ADD has received questions on which activities grantees may engage in to influence legislation and still be in compliance with statutes, regulations and OMB Circulars which generally restrict such activities and other activities Councils, Protection and Advocacy agencies (P&As), University Centers for Excellence and some Projects of National Significance (PNS) are authorized under the provisions of the Developmental Disabilities Assistance and Bill of Rights Act, (the Act), to “educate,” “advise” or “inform” Federal, State and local policymakers. Sections 125(a)(5)(J), 143(a)(2)(L), 153(a)(1), and 161(2)(D)(iii). The “policymakers” referred to in the statute include members of Congress, officials of the Federal executive branch, Governors, members of State legislatures and staff of State agencies.

The ADD grantees have been authorized to undertake such action in order to assist policymakers to improve the services and opportunities available to individuals with developmental disabilities and their families. In addition, State Councils and P&As have the responsibility under the Act to advocate on behalf of individuals with developmental disabilities. [See Sections 121(1) and for enactment or amendment of legislation at the State level affecting individuals with developmental disabilities. Notwithstanding the Congressional authorization of activities to “educate,” “advise” or “inform” Federal, State and local policymakers and to be “advocates,” there are prohibitions on certain considered to be lobbying which are applicable to all ADD grantees. These restrictions are:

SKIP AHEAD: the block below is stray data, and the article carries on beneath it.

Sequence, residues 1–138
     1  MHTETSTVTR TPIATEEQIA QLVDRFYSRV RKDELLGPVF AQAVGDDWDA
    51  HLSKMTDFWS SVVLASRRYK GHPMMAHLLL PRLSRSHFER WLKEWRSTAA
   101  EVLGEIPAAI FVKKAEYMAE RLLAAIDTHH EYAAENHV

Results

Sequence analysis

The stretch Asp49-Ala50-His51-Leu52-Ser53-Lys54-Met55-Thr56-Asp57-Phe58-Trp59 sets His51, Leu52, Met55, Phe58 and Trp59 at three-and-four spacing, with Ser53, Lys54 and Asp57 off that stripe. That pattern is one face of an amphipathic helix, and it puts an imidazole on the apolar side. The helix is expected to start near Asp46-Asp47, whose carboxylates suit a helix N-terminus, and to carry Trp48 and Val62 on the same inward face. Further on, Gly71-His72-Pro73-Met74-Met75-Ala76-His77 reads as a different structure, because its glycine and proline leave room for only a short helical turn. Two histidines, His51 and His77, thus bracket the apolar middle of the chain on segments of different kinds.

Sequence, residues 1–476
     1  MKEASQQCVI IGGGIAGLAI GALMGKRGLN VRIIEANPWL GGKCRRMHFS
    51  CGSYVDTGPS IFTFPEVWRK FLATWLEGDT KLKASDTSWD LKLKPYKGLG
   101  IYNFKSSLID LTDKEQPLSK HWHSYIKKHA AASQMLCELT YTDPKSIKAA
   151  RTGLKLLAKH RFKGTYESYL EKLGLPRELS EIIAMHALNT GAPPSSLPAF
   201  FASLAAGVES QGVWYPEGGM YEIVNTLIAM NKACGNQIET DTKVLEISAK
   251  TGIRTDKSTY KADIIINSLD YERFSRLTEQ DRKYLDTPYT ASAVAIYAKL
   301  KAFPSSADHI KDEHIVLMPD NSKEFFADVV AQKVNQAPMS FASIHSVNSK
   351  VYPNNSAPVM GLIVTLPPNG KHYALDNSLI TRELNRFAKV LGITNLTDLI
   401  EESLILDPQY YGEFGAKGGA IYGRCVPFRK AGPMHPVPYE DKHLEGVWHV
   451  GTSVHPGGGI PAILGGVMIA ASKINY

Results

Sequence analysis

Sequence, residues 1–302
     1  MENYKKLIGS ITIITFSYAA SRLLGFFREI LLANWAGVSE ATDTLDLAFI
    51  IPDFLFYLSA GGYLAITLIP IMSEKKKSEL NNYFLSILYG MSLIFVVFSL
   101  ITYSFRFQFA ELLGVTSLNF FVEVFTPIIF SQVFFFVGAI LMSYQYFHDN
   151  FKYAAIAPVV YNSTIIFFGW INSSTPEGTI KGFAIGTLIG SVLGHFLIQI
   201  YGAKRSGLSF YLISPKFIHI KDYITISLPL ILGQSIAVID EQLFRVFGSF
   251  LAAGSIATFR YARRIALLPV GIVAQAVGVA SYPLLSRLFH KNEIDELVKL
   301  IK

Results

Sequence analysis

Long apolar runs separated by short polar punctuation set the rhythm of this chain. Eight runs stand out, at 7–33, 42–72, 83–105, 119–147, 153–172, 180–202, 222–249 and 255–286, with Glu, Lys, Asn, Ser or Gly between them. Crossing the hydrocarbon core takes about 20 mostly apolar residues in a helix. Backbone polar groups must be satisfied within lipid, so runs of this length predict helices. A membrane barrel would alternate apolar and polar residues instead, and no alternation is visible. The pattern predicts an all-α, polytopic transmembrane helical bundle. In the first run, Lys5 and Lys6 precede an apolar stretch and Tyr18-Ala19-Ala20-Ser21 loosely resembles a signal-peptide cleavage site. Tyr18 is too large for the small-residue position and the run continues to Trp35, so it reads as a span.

• The prohibitions applicable to nonprofit grantees in OMB Circular A-122, Attachment B, Paragraph 25a (1) and (2) on using funds to influence the outcome of a Federal, state or local election or for contributions to political parties; and
  • The prohibition under 45 C.F.R. Part 93 on the use of grant funds to pay any person for influencing or attempting to influence a Member of Congress, any agency official, or other category of person enumerated in the regulations concerning the “awarding of any Federal contract, the making of any Federal grant, the making of any Federal loan, the entering into of any cooperative agreement, and the extension, continuation, renewal, amendment, or modification of any Federal contract, grant, loan, or cooperative agreement” and the similar provision in OMB Circular A-87, Attachment B, Paragraph 27, which applies to State and local governments and Indian tribes (www.whitehouse.gov/omb/circulars/).